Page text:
It fits the description and range of an immature Cooper’s Hawk. Immatures have yellow eyes and adults red. These birds surprise and capture small and medium-sized birds from cover or while flying quickly through dense vegetation. They also eat small mammals such as mice and other small rodents. Other possibilities are lizards, frogs, snakes and large insects. They often pluck the feathers off their prey on a post or other perch just as this one is doing to a smaller bird.
The Wildlife Conservation Film Festivals produces events across North America that screen the finest conservation, natural history and wildlife documentary films in the world.
The mission of The Wildlife Conservation Film Festival is to educate, enlighten and entertain people from around the world so they can become aware and understand that we must protect the world’s wildlife. We do this through the use of films, televisiion and social media.
The protection of species and habitat is critical not to the survival of humanity but our responsibility to ensure future generations can appreciate and enjoy the planet’s natural treasures
Wildlife Conservation Film Festivals organizes events in cities across the globe to reach a worldwide audience to spread the message of natural history and wildlife conservation.
The Wildlife Conservation Film Festival is the premier venue for the wildlife filmmaker to present their work to a world audience. These film festivals are annual events that attract members of the global conservation, film, media, television, and scientific community.
The Wildlife Conservation Film Festivals is fiscally sponsored by Trust for Wildlife, Inc. a 501©3 established in 1981. The mission of Trust for Wildlife is to focus on education, conservation and research that get’s people involved with wildlife in their own communities, and work to reverse the loss of critical habitat and the wildlife who depend on a healthy environment.
* Your donations will be accepted by TFW on our behalf, and are fully tax-deductible.
The development and success of the Wildlife conservation Film Festival is due in part to the guidance and support to our Advisory Board. These individuals are among the leaders within the wildlife conservation and film industries.
Marshal T. Case
Dr. Sylvia Earle
Christopher J. Gervais
Allison C. Hanes
Dr. Ashok Khosla
Dr. Scarlett Magda
Dr. Mireya Mayor
Rose M. Roman, JD
John L. Stone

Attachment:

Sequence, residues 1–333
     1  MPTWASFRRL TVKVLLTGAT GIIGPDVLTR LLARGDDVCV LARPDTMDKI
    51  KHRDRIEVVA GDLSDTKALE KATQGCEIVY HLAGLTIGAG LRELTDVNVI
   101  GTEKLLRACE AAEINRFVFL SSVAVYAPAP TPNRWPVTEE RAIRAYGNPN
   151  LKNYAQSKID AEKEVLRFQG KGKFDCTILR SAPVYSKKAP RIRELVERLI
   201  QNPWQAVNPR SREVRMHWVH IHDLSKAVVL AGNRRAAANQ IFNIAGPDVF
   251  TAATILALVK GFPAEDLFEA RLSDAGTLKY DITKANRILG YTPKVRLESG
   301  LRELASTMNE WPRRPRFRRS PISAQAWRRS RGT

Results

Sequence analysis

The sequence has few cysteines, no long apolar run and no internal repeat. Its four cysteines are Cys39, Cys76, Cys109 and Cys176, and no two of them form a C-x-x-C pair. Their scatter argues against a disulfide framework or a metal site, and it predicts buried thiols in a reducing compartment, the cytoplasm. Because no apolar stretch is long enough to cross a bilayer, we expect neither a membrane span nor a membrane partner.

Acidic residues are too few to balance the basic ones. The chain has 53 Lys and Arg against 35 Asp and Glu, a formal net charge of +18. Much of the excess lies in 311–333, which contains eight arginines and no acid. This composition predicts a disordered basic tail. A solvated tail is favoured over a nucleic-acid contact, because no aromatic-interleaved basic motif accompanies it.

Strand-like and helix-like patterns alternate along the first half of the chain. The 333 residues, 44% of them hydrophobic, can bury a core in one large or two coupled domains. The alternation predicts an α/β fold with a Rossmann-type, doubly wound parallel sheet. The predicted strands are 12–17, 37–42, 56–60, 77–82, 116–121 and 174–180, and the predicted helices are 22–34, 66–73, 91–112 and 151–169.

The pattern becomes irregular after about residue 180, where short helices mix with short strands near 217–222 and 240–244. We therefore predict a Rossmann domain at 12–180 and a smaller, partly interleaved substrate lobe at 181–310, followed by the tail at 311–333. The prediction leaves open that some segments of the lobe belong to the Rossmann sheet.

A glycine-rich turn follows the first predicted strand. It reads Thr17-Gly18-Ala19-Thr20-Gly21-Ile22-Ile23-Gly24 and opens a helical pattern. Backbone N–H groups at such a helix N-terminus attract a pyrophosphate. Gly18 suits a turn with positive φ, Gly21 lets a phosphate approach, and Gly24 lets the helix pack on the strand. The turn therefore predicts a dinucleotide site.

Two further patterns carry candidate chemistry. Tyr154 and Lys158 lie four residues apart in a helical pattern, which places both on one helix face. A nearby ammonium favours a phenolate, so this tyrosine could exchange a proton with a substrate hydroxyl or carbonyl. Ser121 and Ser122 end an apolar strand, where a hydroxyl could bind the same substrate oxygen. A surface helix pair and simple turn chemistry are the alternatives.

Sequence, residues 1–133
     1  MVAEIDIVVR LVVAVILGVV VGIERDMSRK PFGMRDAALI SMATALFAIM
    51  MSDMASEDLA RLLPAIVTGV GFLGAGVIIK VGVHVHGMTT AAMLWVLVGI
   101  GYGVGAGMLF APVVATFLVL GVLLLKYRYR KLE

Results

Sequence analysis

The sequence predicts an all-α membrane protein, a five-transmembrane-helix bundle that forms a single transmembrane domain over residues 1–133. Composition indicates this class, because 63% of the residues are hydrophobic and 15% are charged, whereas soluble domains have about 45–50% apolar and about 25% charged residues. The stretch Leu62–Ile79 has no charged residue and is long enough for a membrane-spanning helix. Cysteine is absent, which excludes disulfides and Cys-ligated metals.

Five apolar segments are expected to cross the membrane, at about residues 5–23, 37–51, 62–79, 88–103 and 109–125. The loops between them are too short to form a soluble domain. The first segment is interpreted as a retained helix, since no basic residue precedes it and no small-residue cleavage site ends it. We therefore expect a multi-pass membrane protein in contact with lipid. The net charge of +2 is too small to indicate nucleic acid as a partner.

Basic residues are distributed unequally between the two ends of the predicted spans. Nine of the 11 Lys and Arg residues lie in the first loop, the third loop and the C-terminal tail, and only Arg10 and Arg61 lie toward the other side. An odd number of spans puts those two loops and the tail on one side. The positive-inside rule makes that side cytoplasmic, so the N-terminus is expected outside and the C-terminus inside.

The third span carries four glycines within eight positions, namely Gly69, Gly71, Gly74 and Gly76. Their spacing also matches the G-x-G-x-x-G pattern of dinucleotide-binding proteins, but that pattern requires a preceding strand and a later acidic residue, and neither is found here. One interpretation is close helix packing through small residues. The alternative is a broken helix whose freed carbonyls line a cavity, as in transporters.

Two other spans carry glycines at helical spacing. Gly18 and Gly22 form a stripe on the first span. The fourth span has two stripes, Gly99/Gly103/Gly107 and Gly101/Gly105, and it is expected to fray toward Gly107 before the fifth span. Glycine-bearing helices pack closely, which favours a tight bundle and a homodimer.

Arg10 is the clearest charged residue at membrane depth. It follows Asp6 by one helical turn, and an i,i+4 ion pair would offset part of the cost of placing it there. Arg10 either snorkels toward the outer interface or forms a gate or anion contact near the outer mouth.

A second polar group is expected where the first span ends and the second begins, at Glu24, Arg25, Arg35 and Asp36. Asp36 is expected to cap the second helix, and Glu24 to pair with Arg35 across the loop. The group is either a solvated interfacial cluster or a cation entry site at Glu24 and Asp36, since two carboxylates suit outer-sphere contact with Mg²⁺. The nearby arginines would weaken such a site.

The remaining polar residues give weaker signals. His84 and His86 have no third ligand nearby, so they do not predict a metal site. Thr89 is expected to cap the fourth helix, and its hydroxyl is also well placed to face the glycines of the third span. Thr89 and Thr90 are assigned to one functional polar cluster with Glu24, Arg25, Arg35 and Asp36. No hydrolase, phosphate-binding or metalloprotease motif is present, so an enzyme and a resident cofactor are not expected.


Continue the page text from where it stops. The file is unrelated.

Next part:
Blair N. Taylor
Christopher J. Gervais, Founder & President
Emerson Wen, Marketing Director & Webmaster
Lillian Adair, Administration Assistant
P.O. Box 347
Ardmore, PA 19003
I had a lovely first visit as a new member to the California Academy of Sciences just near my house in Golden Gate Park, San Francisco. Hip hop DJ Dan the Automator was performing for the weekly Thursday NightLife event 6-10pm. I really enjoyed the warm Rainforests of the World, Land of Lemurs, Ostrich, Galapagos, Jellyfish, Octopus, and Mountain Gorilla exhibits. The event was extremely popular and I think the organization does a phenomenal job getting the community involved in their work. They also make a killer Ginger Snap Mojito!
The California Academy of Sciences is a scientific institution committed to leading–edge research around the world and educational outreach close to home. Their mission—to explore, explain and protect the natural world—extends to every corner of the institution. Innovative exhibits will engage and inspire visitors of every age.
While presenting my Masters independent project work at the European Federation of Primatology conference in Lisboa, Portugal Fall 2011 I was asked to contribute to this issue of Gorilla Journal. It is not a complete paper on the work I carried out during my four months at Bwindi Impenetrable National Park, Uganda but it is a good synopsis of key findings such as the distance tourists and gorillas interact with one another during gorilla tracking. A more in depth journal article will be submitted to the conservation journal Oryx shortly, which will contain much more information collected from my studies, raw data, statistics, and recommendations. And I am still currently trying to export human and gorilla saliva and feces from Uganda to the Center for Infection and Immunity http://cii.columbia.edu/ at Columbia University in New York City with Conservation Through Public Health www.ctph.org and EcoHealth Alliance www.ecohealthalliance.org.
Webare monunga to everyone at Gorilla Journal especially Dr. Angela Meder as well as my supervisors, colleagues, cohort, and friends across the globe for your continuous support! It is really gratifying to see a final product and some of the research being shared with the public. Research isn’t very valuable if it isn’t being disseminated properly so I encourage you to share these links and spread the word on this particular topic and general conservation medicine health globally. We should live in a healthy global community.
The new Gorilla Journal is now in press and available for download in
pdf format at the Gorilla Journal website. The cover photo was taken at the Uganda Wildlife Authority briefing point at Bwindi Impenetrable National Park, Uganda (© Allison C. Hanes).
You can download the English issue at:
the French issue at:
and the German issue at: